Pope Benedict arrived in Africa on Tuesday, where he said the continent's people were suffering disproportionately due to the global challenges of food shortages, financial crises and climate change.

After arriving in Cameroon on his first visit to Africa since becoming pope, the pontiff called on Christians to tackle violence, poverty, corruption and abuse of power, issues that have continually stifled the continent's progress.

The Pope was greeted by Cameroon's President Paul Biya, bishops from across Africa and a mix of local religious and political leaders before setting off in his popemobile, flanked by motorcycles, along streets lined with thousands of flag-waving supporters.

With the number of practicing Catholics dwindling in the developed world, Africa is seen as vital to the Church's future. But the relationship is not without controversy, mainly over the use of condoms in preventing AIDS, a disease decimating Africa.

At a time of global food shortages, financial turmoil, and disturbing patterns of climate change Africa suffers disproportionately, he told crowds on his arrival.

More and more of her people are falling prey to hunger, poverty and disease. They cry out for reconciliation, justice and peace, and that is what the church offers them, he added.

Some progress has been made in establishing democracy across Africa but Tuesday's resignation of Madagascar's President Marc Ravalomanana, who was forced out of power by the army and the opposition, underscored its propensity to conflicts and crises.

Many in Cameroon have called on the Pope to start his mission for peace and reconciliation by sending a strong message to his host, Biya, who has ruled for over 26 years.

Biya's time in power has been marked by accusations of high-level corruption and human rights abuses. The security forces this week destroyed street-side stalls that provided an income for thousands, in a bid to clean up the city.

I am glad that he is coming but he should be here for religion and not other things, said 29-year-old Calvine Noumbisi, who squatted at the side of the road selling rosaries, prayer books and incense rocks for a nearby church.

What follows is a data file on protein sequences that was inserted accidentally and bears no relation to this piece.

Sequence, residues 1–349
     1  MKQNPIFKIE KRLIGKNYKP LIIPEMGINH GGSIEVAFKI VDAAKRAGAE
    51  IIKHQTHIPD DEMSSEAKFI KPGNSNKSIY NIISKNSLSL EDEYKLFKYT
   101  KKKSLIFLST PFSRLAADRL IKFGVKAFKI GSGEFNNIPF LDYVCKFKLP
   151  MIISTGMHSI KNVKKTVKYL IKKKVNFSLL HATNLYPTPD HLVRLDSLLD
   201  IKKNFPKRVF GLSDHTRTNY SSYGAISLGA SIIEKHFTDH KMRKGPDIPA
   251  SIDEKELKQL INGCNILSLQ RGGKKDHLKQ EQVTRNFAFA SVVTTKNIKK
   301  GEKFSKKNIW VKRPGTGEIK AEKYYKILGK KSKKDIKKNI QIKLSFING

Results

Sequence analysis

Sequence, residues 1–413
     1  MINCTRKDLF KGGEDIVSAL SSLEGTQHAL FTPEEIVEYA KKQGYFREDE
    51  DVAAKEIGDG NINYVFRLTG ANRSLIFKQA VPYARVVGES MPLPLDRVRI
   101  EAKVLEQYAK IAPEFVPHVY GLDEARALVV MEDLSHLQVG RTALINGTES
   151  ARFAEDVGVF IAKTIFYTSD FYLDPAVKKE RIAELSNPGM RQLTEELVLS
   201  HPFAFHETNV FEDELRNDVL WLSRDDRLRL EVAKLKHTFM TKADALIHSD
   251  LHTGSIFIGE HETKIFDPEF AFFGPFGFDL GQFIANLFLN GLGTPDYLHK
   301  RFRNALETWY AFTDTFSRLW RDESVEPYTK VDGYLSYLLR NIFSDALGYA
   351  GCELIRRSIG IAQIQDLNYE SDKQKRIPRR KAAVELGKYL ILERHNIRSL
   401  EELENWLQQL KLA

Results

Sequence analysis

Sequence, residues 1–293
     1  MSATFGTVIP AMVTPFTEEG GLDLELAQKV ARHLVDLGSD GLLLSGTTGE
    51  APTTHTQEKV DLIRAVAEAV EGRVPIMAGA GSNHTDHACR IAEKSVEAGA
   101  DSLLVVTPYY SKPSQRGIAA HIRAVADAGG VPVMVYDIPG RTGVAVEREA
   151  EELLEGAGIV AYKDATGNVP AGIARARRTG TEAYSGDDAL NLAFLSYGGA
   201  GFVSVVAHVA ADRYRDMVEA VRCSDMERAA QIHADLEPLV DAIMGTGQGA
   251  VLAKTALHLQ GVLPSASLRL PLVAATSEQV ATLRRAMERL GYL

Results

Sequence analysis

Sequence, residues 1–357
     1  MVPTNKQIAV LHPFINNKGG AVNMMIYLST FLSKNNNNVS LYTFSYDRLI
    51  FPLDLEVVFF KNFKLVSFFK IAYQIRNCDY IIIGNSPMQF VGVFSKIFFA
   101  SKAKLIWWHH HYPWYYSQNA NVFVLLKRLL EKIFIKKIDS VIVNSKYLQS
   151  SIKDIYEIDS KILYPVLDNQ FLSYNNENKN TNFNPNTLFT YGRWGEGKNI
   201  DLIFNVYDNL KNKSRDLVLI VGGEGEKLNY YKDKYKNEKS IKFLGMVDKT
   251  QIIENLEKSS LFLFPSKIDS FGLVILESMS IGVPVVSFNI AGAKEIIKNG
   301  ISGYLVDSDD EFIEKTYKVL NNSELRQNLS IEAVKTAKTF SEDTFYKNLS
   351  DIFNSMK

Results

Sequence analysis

If he prays, blesses the country and tells the politicians to confess, it will help us, she added.


While in Cameroon, Benedict will visit charities, meet Muslim leaders and attend a gathering of bishops trying to chart the Church's role in improving Africans' lives. Later in the week, he will go to Angola.

Although Cameroon and Angola are both resource-rich nations, where oil has flowed for many years and millions of dollars' worth of minerals have been dug from the ground, most of their inhabitants still live in grinding poverty.

We are happy. Jesus came for the sinners. Cameroon is ill so we are happy he has come to save us, said Robert Nguidjoi, who sang, danced and prayed at the St. Francois Xavier church.

A billboard in central Yaounde showed a photo of the Pope and Biya, with the words A perfect communion. But the Pope vowed to tackle sensitive subjects.

In the face of suffering or violence, poverty or hunger, corruption or abuse of power, a Christian can never remain silent, he said on his arrival.

But the Vatican's refusal to let Catholics use condoms remains controversial on a continent where AIDS has killed more than 25 million people since the early 1980s.

While medical workers advocate the use of condoms to help prevent the spread of AIDS, the Church insists on fidelity within heterosexual marriage, chastity and abstinence.

The problem cannot be overcome by distributing condoms. It only increases the problem, the pontiff said on Tuesday.

(Additional reporting by Tansa Musa in Yaounde; Editing by Daniel Magnowski and Katie Nguyen)